I’m on a mission to read all of the Landmark series of children’s history books, and Thomas B. Costain is one of my favorite authors, especially his series of books on the medieval history of England: The Conquering Family, The Last Plantaganets, The Magnificent Century, The Three Edwards. I love those books and have read through them more than once. So I was excited to read Costain’s Landmark history (#52) of the founding of Biloxi and New Orleans, The Mississippi Bubble.
It was an exciting story of intrepid explorers and land speculation and fortunes made and lost, with both heroes and villains, winners and losers, and a narrative thread of consistent and faithful service on the part of one man in particular with the goal of building a “New World” in America at the mouth of the Mississippi River. However, the book shows the strengths and weaknesses of its date of publication, 1955, as Mr. Costain loses his attention to historical detail and his concern to portray all of the parties to the situation fairly and accurately when it comes to Native Americans and enslaved Africans.
The story begins with a “group of Indians . . . busy fishing in the mud-colored waters of Mississippi.” These “savages” encounter Robert Cavelier, Sieur de La Salle, and although at first they are wary, they “liked La Salle.” These Native Americans are then compared to the Iroquois of Canada and the north, with whom the French had already met and fought and allied and co-existed. According to Costain:
“And while the Indians of the delta country—the Bayougoulas, the Quinipissa, the Moctobys, the Tensas, the Pascagoulas—were not more fierce or brave than the tribes of the north, they were sly and treacherous and with a brand of savagery all their own.”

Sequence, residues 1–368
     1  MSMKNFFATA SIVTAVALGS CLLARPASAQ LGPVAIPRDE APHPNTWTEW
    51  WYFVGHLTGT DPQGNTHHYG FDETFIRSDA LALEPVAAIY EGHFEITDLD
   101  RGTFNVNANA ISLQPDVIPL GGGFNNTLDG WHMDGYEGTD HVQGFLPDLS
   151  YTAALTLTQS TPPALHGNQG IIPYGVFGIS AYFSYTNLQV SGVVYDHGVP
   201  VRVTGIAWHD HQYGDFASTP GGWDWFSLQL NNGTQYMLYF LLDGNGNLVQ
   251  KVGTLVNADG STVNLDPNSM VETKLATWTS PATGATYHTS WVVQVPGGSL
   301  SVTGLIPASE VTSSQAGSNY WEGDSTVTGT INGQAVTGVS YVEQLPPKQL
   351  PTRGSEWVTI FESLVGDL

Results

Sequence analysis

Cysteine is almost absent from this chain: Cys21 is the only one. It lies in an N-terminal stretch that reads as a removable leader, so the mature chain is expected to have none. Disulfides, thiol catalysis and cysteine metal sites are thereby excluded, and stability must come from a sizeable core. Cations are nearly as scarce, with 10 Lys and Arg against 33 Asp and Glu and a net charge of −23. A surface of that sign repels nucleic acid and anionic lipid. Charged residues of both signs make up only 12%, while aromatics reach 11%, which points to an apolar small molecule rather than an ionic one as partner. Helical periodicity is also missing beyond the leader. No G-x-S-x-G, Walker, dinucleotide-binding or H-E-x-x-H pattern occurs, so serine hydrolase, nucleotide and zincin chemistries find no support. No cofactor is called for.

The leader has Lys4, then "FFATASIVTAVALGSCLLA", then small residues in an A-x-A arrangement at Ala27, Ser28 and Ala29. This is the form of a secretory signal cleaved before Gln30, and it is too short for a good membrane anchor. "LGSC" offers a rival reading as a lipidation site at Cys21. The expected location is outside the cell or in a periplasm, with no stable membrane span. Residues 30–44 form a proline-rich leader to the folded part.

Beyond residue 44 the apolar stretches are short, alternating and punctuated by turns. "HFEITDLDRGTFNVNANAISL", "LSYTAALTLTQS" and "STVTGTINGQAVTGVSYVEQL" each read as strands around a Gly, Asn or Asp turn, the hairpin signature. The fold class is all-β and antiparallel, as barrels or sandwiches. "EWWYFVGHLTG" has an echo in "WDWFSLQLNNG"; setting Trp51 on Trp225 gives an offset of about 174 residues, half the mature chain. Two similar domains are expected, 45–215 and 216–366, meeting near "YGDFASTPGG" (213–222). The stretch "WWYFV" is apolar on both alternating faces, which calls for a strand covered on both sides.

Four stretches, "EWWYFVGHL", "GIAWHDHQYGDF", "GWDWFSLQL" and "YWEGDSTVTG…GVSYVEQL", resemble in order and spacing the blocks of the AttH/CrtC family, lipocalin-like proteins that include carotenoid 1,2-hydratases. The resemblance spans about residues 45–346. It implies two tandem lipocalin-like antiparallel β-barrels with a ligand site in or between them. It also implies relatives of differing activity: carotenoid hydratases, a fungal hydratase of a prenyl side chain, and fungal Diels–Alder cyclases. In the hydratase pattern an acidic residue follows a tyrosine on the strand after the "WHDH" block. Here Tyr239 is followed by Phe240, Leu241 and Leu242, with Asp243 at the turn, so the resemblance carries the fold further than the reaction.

Readers are left to imagine what that “brand of savagery” looks like, but Costain does say many pages later in the story that “the savages worked swiftly and cunningly” to attack the French forts in various places, incited by the English or the Spanish. Then, a few pages later, we read that “many times the Indians had saved the lives of the colonists with supplies of food from their own stocks.” By treating the Indians as a monolithic group and by stereotyping them as savages, mostly, Costain gives a very confusing and contradictory picture of the Native Americans of the Louisiana and Mississippi regions and of their relationship with the French invaders. In other words, the Native peoples and individuals in this version of history are stereotyped and written off as foils to the conquering French European heroes who are the real story.
Nevertheless, I wouldn’t write off this book because Mr. Costain has another story to tell: in addition to giving us his account of the exploration and settlement of the Mississippi River delta, Mr. Costain in his little book also tells of an economic bombshell back in France. So, in the meantime back in Paris, c.1719-1726, while Jean-Baptiste Le Moyne, Sieur de Bienville was literally holding down the fort in Louisiana, a Scotsman named John Law was busy taking over the financial system of France. I read about John Law’s financial plans, ideas, and schemes both in The Mississippi Bubble and on Wikipedia, but I can’t say either source successfully explained his theories and his financial dealings in a way that I could fully understand. But the history is exciting with kidnappings and violence and huge fortunes made and lost and gambles and success and disgrace all combined. It’s worth reading about, and Costain tells this story of financial chicanery, speculation, and panic with a great deal of drama and human interest.
Here’s an animated short movie that deals with the economics of The Mississippi Bubble in France in as straightforward a way as I could find:
The Mississippi Bubble is not the best of the Landmark books I’ve read, but it’s a worthwhile introduction to the history of Louisiana and New Orleans and Biloxi with a lot of economic history throw in. John Law is the villain of the piece, and Bienville is the hero. And the Native Americans and the black slaves? Marginal and mostly disregarded or stereotyped.
Other books about the early history (antebellum) of Louisiana and the Mississippi delta region:
The French Explorers in America by Walter Buehr
The Explorations of Pere Marquette by Jim Kjelgaard.
LaSalle And The Grand Enterprise by Jeannette Covert Nolan.
The Louisiana Purchase by Robert Tallant.
The Pirate Lafitte and the Battle of New Orleans by Robert Tallant.
Minn of the Mississippi by Holling C. Holling.
Swift Rivers by Cornelia Meigs.